Experts Say TikTok's Frozen Honey Trend May Not Be Good For You

·3 min read
Experts Say TikTok's Frozen Honey Trend May Not Be Good For You

Update, August 9, 2021: Every so often one of those viral food challenges you see making its way around the internet leads to some dangerous results. The cinnamon challenge, Tide Pods, and now—the frozen honey trend. Unlike the former examples, the adverse affects of eating frozen honey are a bit more mild but may cause some damage if you eat it in excess.

I tried out the frozen honey trend myself and can admit it was satisfying in taste, temperature, and texture, but it definitely wasn't something I'd eat on the daily and according to a report by The New York Times, it shouldn't be.

Since honey is so high in sugar content eating too much of it can cause tooth damage, stomach aches, diarrhea, weight gain, and an unnatural spike in blood sugar which can lead to a sugar high with a crash following. Honey should instead be used as a sweetener that's diluted with something else or as a topping to add onto other foods. Overall, the trend itself might be something you try once or twice but maybe shouldn't become a part of your everyday routine. Better safe than sorry!

Original Post, July 29, 2021: If nothing else, I'm really good at hopping on a bandwagon. When I see new recipes and hacks making their rounds on TikTok, I become so overwhelmed with intrigue that I must try them out and sometimes I'm pleasantly surprised (other times, not so much). The latest viral TikTok food hack involved freezing honey for a sweet snack, so of course I had to see what the hype was about.

But because I love you so much, dear reader, I want to always try these hacks out and give you the most realistic results possible. So I took it upon myself to make a little experiment out of this. If you can freeze honey for a taste of something sweet, why not freeze other natural sweeteners too?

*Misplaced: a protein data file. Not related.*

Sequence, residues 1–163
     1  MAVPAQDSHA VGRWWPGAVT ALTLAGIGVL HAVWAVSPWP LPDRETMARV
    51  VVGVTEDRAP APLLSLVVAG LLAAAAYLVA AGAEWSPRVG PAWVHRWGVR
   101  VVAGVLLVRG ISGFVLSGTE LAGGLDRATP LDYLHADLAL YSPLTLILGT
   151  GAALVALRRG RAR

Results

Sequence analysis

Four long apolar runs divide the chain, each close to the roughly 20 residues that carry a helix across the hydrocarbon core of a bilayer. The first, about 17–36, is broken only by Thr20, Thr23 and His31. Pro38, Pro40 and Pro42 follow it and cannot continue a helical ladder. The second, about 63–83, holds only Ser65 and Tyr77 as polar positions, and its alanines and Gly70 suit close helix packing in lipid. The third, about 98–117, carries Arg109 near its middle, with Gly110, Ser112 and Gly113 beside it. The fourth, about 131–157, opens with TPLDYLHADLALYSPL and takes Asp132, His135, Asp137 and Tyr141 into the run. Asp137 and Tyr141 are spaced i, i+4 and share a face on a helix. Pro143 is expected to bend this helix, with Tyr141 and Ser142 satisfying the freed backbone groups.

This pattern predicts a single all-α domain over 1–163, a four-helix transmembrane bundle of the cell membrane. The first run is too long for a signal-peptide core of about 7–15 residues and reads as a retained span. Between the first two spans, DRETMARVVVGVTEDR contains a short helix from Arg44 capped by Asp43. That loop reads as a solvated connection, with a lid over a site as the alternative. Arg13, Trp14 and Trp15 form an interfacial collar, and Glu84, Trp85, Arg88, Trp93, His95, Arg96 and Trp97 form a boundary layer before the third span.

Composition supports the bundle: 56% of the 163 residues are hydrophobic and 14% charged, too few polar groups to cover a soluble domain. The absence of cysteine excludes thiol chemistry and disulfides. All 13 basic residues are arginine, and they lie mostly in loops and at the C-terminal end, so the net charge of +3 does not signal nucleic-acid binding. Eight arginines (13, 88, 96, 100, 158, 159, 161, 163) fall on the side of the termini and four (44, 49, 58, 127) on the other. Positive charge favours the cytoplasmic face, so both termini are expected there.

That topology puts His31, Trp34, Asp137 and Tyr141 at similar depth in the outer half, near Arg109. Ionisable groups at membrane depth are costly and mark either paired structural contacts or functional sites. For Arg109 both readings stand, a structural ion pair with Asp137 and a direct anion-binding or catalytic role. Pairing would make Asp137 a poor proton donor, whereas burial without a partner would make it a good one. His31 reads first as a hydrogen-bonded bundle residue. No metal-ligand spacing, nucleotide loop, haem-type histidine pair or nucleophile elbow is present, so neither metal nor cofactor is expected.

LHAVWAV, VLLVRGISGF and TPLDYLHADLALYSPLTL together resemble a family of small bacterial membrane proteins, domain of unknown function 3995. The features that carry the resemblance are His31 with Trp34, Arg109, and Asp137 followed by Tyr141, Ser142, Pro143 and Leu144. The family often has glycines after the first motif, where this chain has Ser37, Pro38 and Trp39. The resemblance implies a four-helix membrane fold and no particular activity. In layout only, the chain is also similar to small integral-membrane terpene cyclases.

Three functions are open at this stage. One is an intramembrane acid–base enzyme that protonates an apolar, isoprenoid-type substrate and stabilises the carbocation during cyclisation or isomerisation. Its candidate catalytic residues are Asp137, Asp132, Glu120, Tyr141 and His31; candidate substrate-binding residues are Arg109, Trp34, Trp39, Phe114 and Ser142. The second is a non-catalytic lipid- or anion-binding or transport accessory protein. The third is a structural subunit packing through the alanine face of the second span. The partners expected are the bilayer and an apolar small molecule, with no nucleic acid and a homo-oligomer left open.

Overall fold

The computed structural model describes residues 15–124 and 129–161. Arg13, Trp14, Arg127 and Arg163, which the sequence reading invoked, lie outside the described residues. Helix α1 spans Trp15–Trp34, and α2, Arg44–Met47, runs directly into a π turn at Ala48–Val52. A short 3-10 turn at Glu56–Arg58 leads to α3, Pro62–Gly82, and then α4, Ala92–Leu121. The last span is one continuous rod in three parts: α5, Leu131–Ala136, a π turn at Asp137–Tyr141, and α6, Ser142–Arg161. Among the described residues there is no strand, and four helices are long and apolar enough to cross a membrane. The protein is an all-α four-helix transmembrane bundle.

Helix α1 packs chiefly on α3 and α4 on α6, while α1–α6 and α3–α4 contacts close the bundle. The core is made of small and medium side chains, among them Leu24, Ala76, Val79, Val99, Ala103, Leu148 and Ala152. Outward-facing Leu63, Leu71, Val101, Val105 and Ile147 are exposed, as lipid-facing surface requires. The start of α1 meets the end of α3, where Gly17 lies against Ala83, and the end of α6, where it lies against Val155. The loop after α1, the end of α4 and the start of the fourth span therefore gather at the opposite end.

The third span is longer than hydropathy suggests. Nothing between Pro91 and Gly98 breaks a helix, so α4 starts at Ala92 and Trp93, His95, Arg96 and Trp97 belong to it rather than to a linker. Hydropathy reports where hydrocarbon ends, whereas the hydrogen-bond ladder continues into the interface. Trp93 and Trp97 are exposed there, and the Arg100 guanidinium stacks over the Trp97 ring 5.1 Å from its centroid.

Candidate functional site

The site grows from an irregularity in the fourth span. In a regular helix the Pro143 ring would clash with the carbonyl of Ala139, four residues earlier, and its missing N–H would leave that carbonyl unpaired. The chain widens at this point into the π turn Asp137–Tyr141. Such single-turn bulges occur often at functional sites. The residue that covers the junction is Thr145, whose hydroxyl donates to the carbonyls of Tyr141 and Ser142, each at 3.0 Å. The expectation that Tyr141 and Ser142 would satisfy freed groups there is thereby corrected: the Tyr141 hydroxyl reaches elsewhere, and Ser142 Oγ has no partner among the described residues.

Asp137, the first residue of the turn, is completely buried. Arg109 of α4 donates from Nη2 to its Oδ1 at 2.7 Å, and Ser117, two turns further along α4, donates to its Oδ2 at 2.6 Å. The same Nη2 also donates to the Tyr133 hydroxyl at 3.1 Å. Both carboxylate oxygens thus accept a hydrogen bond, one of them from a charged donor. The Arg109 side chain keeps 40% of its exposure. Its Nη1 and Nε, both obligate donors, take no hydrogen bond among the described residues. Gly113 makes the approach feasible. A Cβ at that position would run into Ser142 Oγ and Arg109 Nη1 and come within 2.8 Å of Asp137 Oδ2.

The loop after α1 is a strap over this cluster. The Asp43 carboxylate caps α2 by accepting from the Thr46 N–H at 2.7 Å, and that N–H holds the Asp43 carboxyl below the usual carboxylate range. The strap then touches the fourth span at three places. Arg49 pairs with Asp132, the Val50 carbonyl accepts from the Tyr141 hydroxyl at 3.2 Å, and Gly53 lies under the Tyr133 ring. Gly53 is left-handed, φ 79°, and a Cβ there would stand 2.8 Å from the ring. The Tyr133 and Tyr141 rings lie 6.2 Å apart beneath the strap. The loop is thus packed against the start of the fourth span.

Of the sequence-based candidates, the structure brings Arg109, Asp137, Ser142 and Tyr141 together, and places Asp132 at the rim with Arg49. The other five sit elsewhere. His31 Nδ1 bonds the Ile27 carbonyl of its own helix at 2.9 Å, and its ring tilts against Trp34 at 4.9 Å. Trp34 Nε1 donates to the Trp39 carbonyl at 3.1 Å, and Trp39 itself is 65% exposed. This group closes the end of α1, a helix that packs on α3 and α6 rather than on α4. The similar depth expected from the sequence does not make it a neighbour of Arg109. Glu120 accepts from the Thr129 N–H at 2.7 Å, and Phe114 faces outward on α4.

Photo credit: Alexis Morillo
Photo credit: Alexis Morillo

I put it to the test and froze a couple dollops of honey, maple syrup, and agave to see which one came out best. Although I only popped them in the freezer for about four hours, I'm sure if they spent more time the results would be a bit better. Overall, what I did notice was that honey froze quicker than the other two, so if you try this out yourself leave agave and maple syrup in the freezer a bit longer.

As far as taste, I absolutely understand why the people on the internet have been freezing their honey. It cools into little bite-sized pieces of congealed honey which makes it chewy and super sweet, a combo hard to accomplish in many actual dishes. I would almost liken it to the texture of fudge but without the overt richness chocolate fudge typically comes with. What I would suggest is using a better method than freezing little dots on a baking sheet and maybe even using an ice tray or something similar to make it easier for yourself.

Final verdict: 10 out of 10. Five stars. You've got to try frozen honey, honey!

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